Jason Botel, a Maryland education advocate and founder of a well-regarded city charter school, is expected to be named a senior White House adviser on education.
Politico first reported the news Tuesday night, and said Wednesday that Botel would be working with the interim secretary of education to lead a group of 18 new Department of Education staffers.
A source close to Botel told The Baltimore Sun that Botel has accepted the post. Botel did not respond to requests for comment Wednesday.
Botel began his career as a Teach for America teacher in the Baltimore public schools and went on to found KIPP Ujima Village Academy, an academically rigorous charter school in West Baltimore.
He was most recently executive director of the education advocacy group MarylandCAN. His name has been removed from the MarylandCAN website, and an automatic email reply says he no longer works there.
"It is a loss to Maryland, but a plus for the country," said Robert Embry, president of the Abell Foundation. "He's extremely knowledgeable and very competent.
"Unlike the secretary of education [nominee], he has actually worked in the trenches."
Betsy DeVos, President Donald J. Trump's choice for secretary of education, has not attended or worked in public schools.
DeVos is a strong advocate for school vouchers and charter schools, and has invested millions of dollars of her own money to encourage the expansion of charters in Michigan.
At her confirmation hearing this month, DeVos told senators she wanted to give low-income students the same school choices as their wealthier counterparts.
Democrats say she wants to privatize education and give public money to religious schools.
Critics of Trump and DeVos found it surprising that Botel, who is viewed as a progressive, would take the job. He has written of his support for Black Lives Matter, a movement that has criticized Trump.
State school board member Laura Weeldreyer said she was "certainly a little surprised" that Botel accepted the position, but added he is deeply committed to the charter school movement.
"I think that charter schools and school choice have always made strange bedfellows," Weeldreyer said. "It is a movement that appeals to the most conservative and the most progressive."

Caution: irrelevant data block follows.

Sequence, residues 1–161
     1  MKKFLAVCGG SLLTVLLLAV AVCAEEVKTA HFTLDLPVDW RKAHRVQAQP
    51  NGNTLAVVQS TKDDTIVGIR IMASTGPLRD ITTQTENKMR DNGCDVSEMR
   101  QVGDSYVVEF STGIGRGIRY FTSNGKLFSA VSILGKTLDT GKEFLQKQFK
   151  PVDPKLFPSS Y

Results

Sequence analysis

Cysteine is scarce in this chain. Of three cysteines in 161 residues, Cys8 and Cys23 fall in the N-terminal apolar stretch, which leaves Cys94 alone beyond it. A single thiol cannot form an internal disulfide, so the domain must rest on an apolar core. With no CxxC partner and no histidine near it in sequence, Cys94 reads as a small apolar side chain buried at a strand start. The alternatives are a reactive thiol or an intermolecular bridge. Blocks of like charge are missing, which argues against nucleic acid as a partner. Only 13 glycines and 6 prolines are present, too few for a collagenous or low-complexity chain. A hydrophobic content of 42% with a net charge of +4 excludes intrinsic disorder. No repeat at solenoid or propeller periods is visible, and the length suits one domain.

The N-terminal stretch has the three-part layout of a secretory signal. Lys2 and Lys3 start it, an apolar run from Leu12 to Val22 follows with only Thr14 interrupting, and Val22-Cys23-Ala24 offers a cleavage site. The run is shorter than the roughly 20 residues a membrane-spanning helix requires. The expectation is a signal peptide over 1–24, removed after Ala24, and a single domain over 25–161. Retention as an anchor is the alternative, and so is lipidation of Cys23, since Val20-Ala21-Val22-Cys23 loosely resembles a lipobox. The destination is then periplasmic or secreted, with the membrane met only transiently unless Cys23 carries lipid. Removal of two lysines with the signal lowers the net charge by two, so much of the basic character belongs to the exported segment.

Botel's public charter school background would "complement" that of DeVos, said Marc Porter Magee, CEO and founder of 50CAN, the national umbrella over MarylandCAN and other state groups.
"What they clearly share is a passion for providing great opportunities for kids," Magee said. "That is the spirit Jason brought to his work, to do everything to help kids especially those trapped in failing schools."
Magee called the appointment of Botel for a senior role "a very hopeful sign for the direction the administration is going in.
"I can't think of anyone I trust more to be in the room when important decisions are being made that affect American schoolchildren," he said.
Botel began his education career at Booker T. Washington Middle School in West Baltimore in 1997. He taught there for three years.
Other teachers at the school during his tenure included Weeldreyer and Alec Ross, who went on to become a senior adviser for innovation to Secretary of State Hillary Clinton.
"I've been in touch with him for the last 20 years," said Ross. "I know from first-hand experience that he's going into a position where he will have a very substantial amount of power. It's going to be interesting to see what he does with it."
Botel left teaching for training by the Knowledge is Power Program to start a KIPP school. He returned to Baltimore in 2002 and spent months building the middle school from scratch. He walked neighborhoods in West Baltimore knocking on doors convincing parents to trust him enough to send their children to his new school.
Students at KIPP— known for its strict discipline and rigorous program — achieved scores above the state average and had some of the highest math scores in the city while he was principal.
Andres Alonso, the former Baltimore schools CEO, praised Botel's appointment.
"Jason is very smart, understands the management of schools, and had great practical sense when I knew him," he said. "It is a good thing if someone with those gifts is part of any mix that has power over the future of schools.
"I think knowing a field matters tremendously, and he will be needed."
Democrats have criticized DeVos for her lack of familiarity during her confirmation hearing with the law that governs special education and the debate in education circles between proficiency and growth as measures of student achievement.
Richard Barth, CEO of the 200-school KIPP Foundation, noted Botel's success in Baltimore.
"Under his leadership, KIPP Ujima Village became one of the city's highest-performing public schools," he said in a statement. "Jason has a strong track record of leadership and bipartisan coalition-building. We are confident that he will bring a focus on children, quality and accountability to his work with the White House."
When KIPP added an elementary school in Baltimore, Botel left his job as principal of the middle school to oversee the KIPP organization in Baltimore for 11 years.
Botel joined MarylandCAN in 2013 and worked to highlight "opportunity schools," where low-income and minority students performed well.
He often commented on state education policy, and remained committed to helping charter schools.
Will McKenna, executive director of the nonprofit that oversees Afya Public Charter School in Baltimore, said he was "surprised when I first heard the news."
"I didn't think Jason was a big Trump supporter," McKenna said. "But I know he cares deeply about quality schools of all kinds, including charters, and this is a great opportunity for him. So good for him."